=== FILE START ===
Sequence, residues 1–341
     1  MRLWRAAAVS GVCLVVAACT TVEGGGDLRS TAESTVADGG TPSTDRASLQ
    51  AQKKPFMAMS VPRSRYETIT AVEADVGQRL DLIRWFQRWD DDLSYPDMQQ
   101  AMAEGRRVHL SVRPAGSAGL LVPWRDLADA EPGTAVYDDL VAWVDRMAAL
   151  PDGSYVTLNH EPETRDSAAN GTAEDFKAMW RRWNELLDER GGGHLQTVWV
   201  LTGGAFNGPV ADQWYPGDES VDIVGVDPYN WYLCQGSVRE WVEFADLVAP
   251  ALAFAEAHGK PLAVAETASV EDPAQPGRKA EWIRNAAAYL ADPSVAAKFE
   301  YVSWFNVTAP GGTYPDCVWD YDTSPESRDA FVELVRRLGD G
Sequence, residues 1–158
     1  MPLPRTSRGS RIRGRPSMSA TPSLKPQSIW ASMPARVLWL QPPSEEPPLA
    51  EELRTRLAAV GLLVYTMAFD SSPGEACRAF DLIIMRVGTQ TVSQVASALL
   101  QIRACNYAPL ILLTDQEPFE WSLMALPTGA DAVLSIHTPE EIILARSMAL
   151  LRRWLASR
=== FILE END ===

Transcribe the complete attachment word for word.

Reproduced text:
Sequence, residues 1–341
     1  MRLWRAAAVS GVCLVVAACT TVEGGGDLRS TAESTVADGG TPSTDRASLQ
    51  AQKKPFMAMS VPRSRYETIT AVEADVGQRL DLIRWFQRWD DDLSYPDMQQ
   101  AMAEGRRVHL SVRPAGSAGL LVPWRDLADA EPGTAVYDDL VAWVDRMAAL
   151  PDGSYVTLNH EPETRDSAAN GTAEDFKAMW RRWNELLDER GGGHLQTVWV
   201  LTGGAFNGPV ADQWYPGDES VDIVGVDPYN WYLCQGSVRE WVEFADLVAP
   251  ALAFAEAHGK PLAVAETASV EDPAQPGRKA EWIRNAAAYL ADPSVAAKFE
   301  YVSWFNVTAP GGTYPDCVWD YDTSPESRDA FVELVRRLGD G
Sequence, residues 1–158
     1  MPLPRTSRGS RIRGRPSMSA TPSLKPQSIW ASMPARVLWL QPPSEEPPLA
    51  EELRTRLAAV GLLVYTMAFD SSPGEACRAF DLIIMRVGTQ TVSQVASALL
   101  QIRACNYAPL ILLTDQEPFE WSLMALPTGA DAVLSIHTPE EIILARSMAL
   151  LRRWLASR